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The Story Of The Shepherd:

A certain man named, Wasim, heard a shepherd on the road praying, "God, where are you? I want to help you fix your shoes and comb your hair. I want to wash your clothes and cook for you. My sheep and goats are yours. Remembering you is..."

Wasim was confused and asked the shepheard, "Who are you talking to?"

"The one who made us and made the earth and sky," the shepherd replied.

A little upset, Wasim said, "Do not talk about shoes and socks with God! Only something that grows needs food. Only someone with feet needs shoes. Not God! Use appropriate terms. What you say is right for us beings, but not for addressing God."

The shepherd apologized and wandered out into the desert with a sad face.

Then a sudden revelation came to Wasim. God's voice said, "You have separated me from one of my own. Are you here to unite or to sever? I have given each being a separate and unique way of seeing, knowing, and saying things. What seems wrong to you is right for another. What is poison to one is honey for another. Purity and impurity, sloth and diligence in worship, all mean nothing to me. I am apart from all that.

Ways of worshipping are not to be ranked as better or worse than one another. It is not me that is glorified in acts of worship. It is the worshipers. I don't hear the words they say, I look inside at the humility. The openness is the reality, not the language. Forget phraseology. I want burning. Be friends with your burning. Burn up your thinking and your forms of expression!

Wasim, those who pay attention to ways of behaving and speaking are one sort. Lovers who burn are another. Don't shout at the lover. The 'wrong' way he talks is better than a hundred 'right' ways of others. The love-religion has no code or doctrine. Only God."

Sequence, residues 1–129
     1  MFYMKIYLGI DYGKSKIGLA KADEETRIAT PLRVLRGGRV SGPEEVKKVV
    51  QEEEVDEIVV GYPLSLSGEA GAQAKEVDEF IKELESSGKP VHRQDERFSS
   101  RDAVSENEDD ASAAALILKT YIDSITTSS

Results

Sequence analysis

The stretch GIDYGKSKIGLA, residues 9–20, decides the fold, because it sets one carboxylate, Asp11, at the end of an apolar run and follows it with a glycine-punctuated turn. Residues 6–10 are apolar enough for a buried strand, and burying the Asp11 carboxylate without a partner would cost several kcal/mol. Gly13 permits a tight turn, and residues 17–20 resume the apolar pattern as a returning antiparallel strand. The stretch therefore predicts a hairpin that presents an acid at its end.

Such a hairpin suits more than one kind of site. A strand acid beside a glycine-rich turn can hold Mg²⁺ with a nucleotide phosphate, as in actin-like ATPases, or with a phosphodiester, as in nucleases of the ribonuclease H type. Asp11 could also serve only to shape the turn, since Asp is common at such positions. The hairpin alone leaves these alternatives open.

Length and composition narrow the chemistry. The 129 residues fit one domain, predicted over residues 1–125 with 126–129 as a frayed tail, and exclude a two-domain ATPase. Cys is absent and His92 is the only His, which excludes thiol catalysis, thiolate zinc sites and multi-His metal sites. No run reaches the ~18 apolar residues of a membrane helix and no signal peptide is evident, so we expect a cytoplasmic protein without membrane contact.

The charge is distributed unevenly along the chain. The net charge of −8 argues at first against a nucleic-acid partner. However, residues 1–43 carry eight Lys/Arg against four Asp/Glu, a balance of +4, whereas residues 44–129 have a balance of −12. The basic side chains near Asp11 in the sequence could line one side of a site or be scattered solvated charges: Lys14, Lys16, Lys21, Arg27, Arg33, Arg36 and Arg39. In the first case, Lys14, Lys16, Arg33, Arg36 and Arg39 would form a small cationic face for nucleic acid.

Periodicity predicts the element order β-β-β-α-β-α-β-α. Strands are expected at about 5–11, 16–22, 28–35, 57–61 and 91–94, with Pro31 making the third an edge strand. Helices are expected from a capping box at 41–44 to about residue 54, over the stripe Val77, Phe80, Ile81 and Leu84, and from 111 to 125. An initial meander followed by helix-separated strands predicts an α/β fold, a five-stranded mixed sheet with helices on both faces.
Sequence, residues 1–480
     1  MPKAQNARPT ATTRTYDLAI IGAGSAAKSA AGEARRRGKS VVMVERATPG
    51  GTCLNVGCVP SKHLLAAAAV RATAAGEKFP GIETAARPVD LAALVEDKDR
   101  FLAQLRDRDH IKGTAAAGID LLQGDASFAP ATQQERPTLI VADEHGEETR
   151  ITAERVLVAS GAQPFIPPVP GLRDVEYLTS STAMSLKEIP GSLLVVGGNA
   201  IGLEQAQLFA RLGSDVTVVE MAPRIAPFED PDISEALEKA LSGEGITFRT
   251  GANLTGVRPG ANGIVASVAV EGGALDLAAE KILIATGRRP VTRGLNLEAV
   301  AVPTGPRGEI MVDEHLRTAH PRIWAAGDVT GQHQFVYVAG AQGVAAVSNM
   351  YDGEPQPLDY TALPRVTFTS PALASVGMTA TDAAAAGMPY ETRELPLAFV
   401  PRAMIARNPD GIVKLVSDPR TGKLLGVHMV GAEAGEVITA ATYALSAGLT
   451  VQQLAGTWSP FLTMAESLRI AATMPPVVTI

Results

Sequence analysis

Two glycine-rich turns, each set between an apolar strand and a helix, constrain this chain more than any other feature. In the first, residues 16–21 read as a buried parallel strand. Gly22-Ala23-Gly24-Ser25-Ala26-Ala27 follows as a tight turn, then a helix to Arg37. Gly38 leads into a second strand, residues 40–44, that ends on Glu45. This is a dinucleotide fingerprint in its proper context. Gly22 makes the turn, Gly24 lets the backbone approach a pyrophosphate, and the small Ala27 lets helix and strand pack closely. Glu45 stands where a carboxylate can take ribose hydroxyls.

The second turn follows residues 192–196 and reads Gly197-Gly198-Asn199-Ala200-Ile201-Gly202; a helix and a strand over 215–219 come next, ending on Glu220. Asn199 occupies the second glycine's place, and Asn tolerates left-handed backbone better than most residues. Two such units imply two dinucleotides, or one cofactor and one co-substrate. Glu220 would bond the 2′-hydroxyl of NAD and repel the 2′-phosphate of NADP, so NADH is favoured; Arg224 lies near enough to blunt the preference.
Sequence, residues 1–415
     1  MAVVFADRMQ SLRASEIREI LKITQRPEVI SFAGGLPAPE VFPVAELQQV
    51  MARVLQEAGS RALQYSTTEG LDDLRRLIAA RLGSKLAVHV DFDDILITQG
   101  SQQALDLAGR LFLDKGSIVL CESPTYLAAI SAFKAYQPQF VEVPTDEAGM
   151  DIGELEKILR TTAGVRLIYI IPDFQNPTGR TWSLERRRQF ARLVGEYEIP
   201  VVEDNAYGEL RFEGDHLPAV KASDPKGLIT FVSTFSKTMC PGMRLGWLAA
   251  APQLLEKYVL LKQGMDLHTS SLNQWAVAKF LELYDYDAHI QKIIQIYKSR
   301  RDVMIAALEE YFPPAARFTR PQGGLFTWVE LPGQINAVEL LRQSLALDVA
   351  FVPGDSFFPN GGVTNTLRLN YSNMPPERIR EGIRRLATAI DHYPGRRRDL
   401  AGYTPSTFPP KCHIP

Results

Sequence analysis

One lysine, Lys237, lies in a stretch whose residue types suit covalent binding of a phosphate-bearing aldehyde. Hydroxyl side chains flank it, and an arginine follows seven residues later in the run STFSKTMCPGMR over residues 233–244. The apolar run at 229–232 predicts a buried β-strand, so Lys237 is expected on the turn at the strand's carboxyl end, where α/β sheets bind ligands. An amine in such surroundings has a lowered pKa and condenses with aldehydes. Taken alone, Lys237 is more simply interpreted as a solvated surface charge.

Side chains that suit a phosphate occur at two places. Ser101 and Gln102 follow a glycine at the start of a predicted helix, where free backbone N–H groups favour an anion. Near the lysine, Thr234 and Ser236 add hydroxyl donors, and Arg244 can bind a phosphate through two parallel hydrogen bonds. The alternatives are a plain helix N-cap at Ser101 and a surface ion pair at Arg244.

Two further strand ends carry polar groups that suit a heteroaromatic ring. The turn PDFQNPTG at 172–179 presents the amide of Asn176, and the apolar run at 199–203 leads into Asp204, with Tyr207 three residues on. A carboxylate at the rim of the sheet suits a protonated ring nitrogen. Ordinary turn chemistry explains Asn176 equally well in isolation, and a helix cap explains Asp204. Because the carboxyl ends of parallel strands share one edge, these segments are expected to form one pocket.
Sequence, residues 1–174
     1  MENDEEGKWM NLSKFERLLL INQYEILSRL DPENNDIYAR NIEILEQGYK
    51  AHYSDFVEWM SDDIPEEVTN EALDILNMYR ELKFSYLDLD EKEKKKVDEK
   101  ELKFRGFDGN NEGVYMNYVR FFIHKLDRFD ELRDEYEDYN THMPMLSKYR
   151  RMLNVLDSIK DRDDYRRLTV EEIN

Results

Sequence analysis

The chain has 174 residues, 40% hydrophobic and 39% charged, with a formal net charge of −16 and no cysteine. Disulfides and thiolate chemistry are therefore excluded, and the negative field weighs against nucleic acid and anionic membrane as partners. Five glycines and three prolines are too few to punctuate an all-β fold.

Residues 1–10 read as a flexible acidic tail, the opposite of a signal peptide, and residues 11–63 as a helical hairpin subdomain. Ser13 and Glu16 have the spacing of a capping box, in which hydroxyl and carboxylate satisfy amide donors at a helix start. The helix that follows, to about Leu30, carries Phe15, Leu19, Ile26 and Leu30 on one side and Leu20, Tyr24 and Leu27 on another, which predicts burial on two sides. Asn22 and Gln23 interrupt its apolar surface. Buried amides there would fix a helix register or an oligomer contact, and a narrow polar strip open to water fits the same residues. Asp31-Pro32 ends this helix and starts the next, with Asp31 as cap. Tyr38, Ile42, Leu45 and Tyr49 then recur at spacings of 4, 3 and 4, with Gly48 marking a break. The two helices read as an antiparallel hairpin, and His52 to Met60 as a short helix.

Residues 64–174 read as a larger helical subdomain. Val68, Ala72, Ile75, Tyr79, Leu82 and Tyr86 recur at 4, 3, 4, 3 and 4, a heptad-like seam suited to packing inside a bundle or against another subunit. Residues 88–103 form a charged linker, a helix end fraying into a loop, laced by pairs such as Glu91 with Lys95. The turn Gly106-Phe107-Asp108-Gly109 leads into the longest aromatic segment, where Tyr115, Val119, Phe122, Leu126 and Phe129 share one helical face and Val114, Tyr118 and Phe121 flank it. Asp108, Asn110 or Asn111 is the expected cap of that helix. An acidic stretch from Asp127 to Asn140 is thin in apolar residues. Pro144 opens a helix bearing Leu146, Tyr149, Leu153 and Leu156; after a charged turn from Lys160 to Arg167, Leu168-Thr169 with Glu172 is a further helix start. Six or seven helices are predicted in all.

Wasim ran after the shepherd following his footprints. He finally caught up with him and said, "I was wrong. God has revealed to me that there are no rules for worship. Say whatever and however your loving tells you to. Yours is the truest devotion. Through you a whole world is freed."

The shepherd replied, "I have gone beyond even that. The divine nature and my human nature came together. Bless your scolding hand. I cannot say what has happened, but I am now seeing another dimension. It cannot be explained."

When you look in a mirror you see yourself and not the state of the mirror. The flute player puts breath into a flute. Who makes the music? Not the flute. The flute player!

Whenever you give thanks, it is always like the shepherd's simplicity. When you eventually see through the veil to how things really are, you will find yourself repeating, "This is definitely not like we thought it was!"

Note: This story was narrated by Rumi in, "Teachings of Rumi." I titled and rewrote it.


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